Shishmaref is a fishing village in Alaska that is on an island only 3 miles long and a quarter-mile wide in the Chuckchi Sea, just north of the Bering Strait. The village has 560 residents and one church, an ELCA congregation. The Rev. Thomas Richter is the pastor. It’s the type of place where nothing seems to change; for generations, the people have been hunting and fishing for food like their ancestors did. But slowly, and without the consent of the Alaskan Native Inupiaqs who live in Shishmaref, the island has been changing.

“Over the past 35 years, we’ve lost 2,500 to 3,000 feet of land to coastal erosion,” said 20-year-old Shishmaref native Esau Sinnok in a letter to the U.S. Department of the Interior. “In the past 15 years, we had to move 13 houses—including my dear grandma Edna’s house—from one end of the island to the other because of this loss of land. Within the next two decades, the whole island will erode completely.”

On Aug. 16, 2016, by a narrow majority of 11 votes, the residents of Shishmaref decided to move the village inland after homes began falling into the sea due to land erosion from the lack of barrier ice.

According to the United Nations, an estimated one person every second has been displaced by a natural disaster since 2009. From droughts in Somalia to floods in Pakistan and Superstorm Sandy in the United States, there isn’t a part of the world that hasn’t been affected by the extreme weather events and shifting climate patterns attributed to global warming.

In 2013, the ELCA Churchwide Assembly passed a memorial to evaluate investment in fossil fuels, saying, “The increase in trapped heat changes the climate, causing altered weather patterns. These changes in weather are already measurable. They range from multi-year droughts to extreme storms and flooding and rising sea levels.”

Lutheran churches and ministry partners around the world are reporting these experiences first-hand. The Evangelical Lutheran Church of Tanzania (ELCT) reports that herders are more mobile than ever before.

“Pastoralists [herders] are moving from one place to another in search of grass and water for their cattle, goats and sheep,” said M.W. Mallumbo, deputy general secretary for planning and development of the ELCT. “This has caused conflict between farmers and herders as they compete for scarce resources. Also, the children of herders cannot attend school because their families are always on the move, searching for grass and water for their herds.”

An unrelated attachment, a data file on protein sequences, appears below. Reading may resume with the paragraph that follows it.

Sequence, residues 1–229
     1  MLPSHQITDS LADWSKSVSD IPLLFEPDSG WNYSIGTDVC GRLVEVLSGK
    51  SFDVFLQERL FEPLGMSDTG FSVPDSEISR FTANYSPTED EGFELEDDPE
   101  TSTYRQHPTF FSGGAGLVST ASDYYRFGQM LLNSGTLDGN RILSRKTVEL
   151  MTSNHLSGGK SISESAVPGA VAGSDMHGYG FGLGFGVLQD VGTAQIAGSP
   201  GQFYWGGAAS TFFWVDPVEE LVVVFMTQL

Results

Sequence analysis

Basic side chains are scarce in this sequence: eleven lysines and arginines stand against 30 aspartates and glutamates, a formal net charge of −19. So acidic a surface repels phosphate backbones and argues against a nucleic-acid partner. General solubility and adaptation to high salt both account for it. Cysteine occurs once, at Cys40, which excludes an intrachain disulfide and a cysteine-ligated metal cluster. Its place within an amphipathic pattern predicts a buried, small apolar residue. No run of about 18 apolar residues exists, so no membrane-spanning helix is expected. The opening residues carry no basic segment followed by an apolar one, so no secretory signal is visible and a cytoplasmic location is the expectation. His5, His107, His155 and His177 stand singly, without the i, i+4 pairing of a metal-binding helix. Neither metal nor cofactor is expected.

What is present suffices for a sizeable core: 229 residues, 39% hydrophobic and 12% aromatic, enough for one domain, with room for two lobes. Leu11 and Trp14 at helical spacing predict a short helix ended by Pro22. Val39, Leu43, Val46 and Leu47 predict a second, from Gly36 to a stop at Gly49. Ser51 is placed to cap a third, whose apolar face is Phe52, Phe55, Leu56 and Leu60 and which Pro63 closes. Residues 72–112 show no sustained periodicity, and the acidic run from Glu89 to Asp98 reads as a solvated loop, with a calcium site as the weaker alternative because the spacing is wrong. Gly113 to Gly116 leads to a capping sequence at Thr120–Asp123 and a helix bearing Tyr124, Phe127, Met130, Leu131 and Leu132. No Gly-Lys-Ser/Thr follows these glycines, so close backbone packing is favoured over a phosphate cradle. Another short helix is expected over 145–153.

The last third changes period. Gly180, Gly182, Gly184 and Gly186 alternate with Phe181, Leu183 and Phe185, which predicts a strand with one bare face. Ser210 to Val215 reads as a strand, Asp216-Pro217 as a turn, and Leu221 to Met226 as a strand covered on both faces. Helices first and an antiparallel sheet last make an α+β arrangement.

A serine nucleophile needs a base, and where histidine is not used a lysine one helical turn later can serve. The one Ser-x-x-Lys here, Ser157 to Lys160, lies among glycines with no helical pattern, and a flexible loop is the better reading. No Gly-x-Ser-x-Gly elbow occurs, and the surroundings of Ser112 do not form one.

A report from the U.S. Border Patrol shows that countries that have experienced severe weather-related events have seen increased migration, including a 400 percent increase in migrants from Guatemala, El Salvador, Nicaragua and Honduras. In 2011, a good crop year, 46,977 Central Americans were apprehended at the U.S.-Mexico border. In 2014, during one of the worst droughts in Central America’s history, there were 252,600 Central Americans apprehended at the border.

“The adverse effects of climate change here in [Central America] trigger the following chain reaction: After repeated crop losses, peasant farmers abandon their land and migrate to urban areas in search of new work to support themselves and their families. If they are unsuccessful in their efforts to establish a new livelihood, then they abandon their country of origin all together and emigrate to the U.S. via Mexico,” said Stephen Deal, a missionary serving as regional representative for ELCA Global Mission in Central America.

“There is such an interdependency between people and the environment that it forces people to change their movement and migration patterns,” said Ruth Ivory-Moore, ELCA Advocacy program director for environment and energy. “Climate change tends to disproportionately affect the most vulnerable. They are the least well equipped to deal with it.”

For Sinnok in Shishmaref, climate change is very real.

“Climate change is affecting the Arctic more than other places in the world,” Sinnok said. “It is not just a political issue to me. It’s my future.”

To learn ways your congregation can be involved in ELCA Advocacy’s work with ELCA’s “Caring for Creation” social statement, view these resources.

Read part one in the series.

K.T. Sancken
Sancken is a social worker, mother and writer based in Charlottesville, Va. She is a Valparaiso [Ind.] University alumna.

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